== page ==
It seems appropriate that Schlager’s new collection of primary sources concludes with the work of our nation’s first black president as the final of the many milestone in the history of African Americans. The first of the four volumes covers North American colonization and negotiation of the peculiar institution of slavery in the early United States, the second begins with the Dred Scott decision and moves through Reconstruction. The third volume spans from the early twentieth century to the Civil Rights movement, while the final volume concludes with addresses by President Barack Obama.
Each article features an overview, an excellent biographical sketch about the author, an explanation and analysis of the primary source material, a description of its publication context and contemporary audience, information about the document’s reception and impact, and materials for further study, in addition to the document itself with a glossary when appropriate. Chapters and subheading from the original sources are preserve. Each article is encapsulated in a page of well-chosen quotes from the original work, and each article is framed with essential questions which move well beyond comprehension. Timelines of key events sequence the document’s creation, reception, and historical impact. Many of the probing and thoughtful question draw comparisons with other documents in the collection, comparing themes like educational opportunity or African American military participation across time periods.
Many of the accounts will appeal to even the most reluctant historians, especially those of groundbreaking athletes Jesse Owens and Jackie Robinson,and the Supreme Court decision surrounding Muhammad Ali’s refusal to accept induction into the U.S. Army. Owen’s narrative, penned after the black power display by U.S. track and field athletes at the Mexico City Olympics, contrasts that sixties militants reminded him of the white supremacists of his sharecropping Alabama childhood. Owens’ compelling passage sharply contrasts the opportunities available then with those he encountered after his 1936 Olympic victories in Berlin, when he could not afford to return to Ohio State to complete his degree and could only find employment as a playground instructor for the city of Cleveland. (Owens also recounts how he was eventually offered the dehumanizing opportunity to race against horses in exhibitions before Negro League baseball games, something he did nonetheless to save enough money to finish college).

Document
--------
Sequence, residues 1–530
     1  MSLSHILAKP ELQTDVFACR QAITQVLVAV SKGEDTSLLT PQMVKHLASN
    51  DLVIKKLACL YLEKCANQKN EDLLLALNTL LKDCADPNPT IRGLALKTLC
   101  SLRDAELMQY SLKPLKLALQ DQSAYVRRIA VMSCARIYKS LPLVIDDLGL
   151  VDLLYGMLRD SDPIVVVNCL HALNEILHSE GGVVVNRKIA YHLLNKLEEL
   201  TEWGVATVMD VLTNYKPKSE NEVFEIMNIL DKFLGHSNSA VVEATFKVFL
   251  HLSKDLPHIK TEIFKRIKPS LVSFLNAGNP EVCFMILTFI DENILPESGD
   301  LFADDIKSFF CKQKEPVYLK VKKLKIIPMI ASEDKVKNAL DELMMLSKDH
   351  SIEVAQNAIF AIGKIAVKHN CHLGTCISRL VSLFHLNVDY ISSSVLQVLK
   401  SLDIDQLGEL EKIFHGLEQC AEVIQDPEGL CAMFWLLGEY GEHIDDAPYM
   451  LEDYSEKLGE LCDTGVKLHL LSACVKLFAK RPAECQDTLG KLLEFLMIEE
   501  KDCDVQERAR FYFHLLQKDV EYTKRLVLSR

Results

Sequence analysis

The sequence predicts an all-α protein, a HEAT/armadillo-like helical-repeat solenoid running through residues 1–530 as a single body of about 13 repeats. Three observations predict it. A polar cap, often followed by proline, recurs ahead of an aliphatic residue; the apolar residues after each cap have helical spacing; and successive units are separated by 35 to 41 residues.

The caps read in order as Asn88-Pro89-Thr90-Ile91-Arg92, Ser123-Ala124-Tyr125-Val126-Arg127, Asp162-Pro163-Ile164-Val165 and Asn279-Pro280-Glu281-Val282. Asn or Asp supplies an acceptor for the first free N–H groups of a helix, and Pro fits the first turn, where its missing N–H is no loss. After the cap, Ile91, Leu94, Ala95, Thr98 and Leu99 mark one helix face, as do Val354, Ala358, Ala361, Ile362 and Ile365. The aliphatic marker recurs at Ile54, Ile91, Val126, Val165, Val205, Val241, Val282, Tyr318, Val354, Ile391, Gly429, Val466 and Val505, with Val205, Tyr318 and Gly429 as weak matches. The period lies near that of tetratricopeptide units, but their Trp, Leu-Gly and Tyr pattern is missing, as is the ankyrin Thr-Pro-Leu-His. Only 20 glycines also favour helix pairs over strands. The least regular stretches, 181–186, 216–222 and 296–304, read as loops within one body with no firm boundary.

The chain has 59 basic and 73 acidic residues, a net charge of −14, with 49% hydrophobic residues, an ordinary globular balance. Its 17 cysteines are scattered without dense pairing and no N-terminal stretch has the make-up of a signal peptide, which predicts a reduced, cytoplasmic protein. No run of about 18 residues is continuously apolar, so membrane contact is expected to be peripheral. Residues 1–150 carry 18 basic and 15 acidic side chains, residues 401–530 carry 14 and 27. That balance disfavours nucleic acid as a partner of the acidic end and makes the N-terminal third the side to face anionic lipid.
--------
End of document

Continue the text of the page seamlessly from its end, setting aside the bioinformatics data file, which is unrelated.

The simultaneous presentation of the primary source and the contextual information to scaffold its interpretation include a range of twentieth-century Black Power topics often not treated in such a scholarly manner for younger readers, including the work of Stokely Carmicheal, Eldredge Cleaver, Angela Davis, and the Black Panthers. Students will find fodder for writing on a diverse range of historical topics, including the Tulsa race riots of 1921, lynching, the Scottsboro boys case, Louis Farrakhan and the Million Man March, the National of Islam, Tuskegee syphilis experiments, and the legality of interracial marriage.
The images, most taken from news archives and Library of Congress, are well-chosen, and there are ten pages of instructional ideas for teachers, organized by era, and a subject index as well as one organized by categories like speeches, judicial decisions, and personal narratives. The books are visually well-designed, with most text in two columns per page, the significant quotes from the primary source being the only content spanning the page. The Schlager imprint offers the same dual-version access of the other Salem Press titles, with access to electronic text provided with purchase of print product. Recommended for school and public libraries.